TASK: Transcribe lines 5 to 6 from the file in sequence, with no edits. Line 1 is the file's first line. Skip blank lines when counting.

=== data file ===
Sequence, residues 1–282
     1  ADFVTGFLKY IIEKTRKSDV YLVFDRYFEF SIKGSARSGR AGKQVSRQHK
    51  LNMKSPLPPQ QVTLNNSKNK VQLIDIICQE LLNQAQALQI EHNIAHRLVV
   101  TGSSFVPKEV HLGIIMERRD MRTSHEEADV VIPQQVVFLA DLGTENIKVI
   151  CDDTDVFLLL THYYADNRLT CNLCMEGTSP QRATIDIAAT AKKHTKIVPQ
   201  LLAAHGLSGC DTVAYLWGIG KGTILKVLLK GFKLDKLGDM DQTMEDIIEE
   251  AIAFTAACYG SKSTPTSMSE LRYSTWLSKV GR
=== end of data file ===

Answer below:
   151  CDDTDVFLLL THYYADNRLT CNLCMEGTSP QRATIDIAAT AKKHTKIVPQ
   201  LLAAHGLSGC DTVAYLWGIG KGTILKVLLK GFKLDKLGDM DQTMEDIIEE